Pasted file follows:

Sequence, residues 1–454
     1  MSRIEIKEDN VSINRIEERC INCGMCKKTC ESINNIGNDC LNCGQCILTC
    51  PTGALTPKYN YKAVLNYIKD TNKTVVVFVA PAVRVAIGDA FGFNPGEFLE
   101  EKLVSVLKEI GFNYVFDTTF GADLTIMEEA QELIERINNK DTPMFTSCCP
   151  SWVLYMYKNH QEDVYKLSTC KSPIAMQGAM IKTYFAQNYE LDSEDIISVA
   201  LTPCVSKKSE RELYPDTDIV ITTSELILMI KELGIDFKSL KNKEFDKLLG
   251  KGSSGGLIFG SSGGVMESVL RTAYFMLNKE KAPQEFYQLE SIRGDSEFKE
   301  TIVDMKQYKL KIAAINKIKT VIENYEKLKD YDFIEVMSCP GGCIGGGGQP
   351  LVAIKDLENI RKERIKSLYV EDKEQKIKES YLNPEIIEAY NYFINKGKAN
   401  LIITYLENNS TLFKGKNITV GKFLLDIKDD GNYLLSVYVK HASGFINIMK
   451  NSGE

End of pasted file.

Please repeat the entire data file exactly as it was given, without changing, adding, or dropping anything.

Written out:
Sequence, residues 1–454
     1  MSRIEIKEDN VSINRIEERC INCGMCKKTC ESINNIGNDC LNCGQCILTC
    51  PTGALTPKYN YKAVLNYIKD TNKTVVVFVA PAVRVAIGDA FGFNPGEFLE
   101  EKLVSVLKEI GFNYVFDTTF GADLTIMEEA QELIERINNK DTPMFTSCCP
   151  SWVLYMYKNH QEDVYKLSTC KSPIAMQGAM IKTYFAQNYE LDSEDIISVA
   201  LTPCVSKKSE RELYPDTDIV ITTSELILMI KELGIDFKSL KNKEFDKLLG
   251  KGSSGGLIFG SSGGVMESVL RTAYFMLNKE KAPQEFYQLE SIRGDSEFKE
   301  TIVDMKQYKL KIAAINKIKT VIENYEKLKD YDFIEVMSCP GGCIGGGGQP
   351  LVAIKDLENI RKERIKSLYV EDKEQKIKES YLNPEIIEAY NYFINKGKAN
   401  LIITYLENNS TLFKGKNITV GKFLLDIKDD GNYLLSVYVK HASGFINIMK
   451  NSGE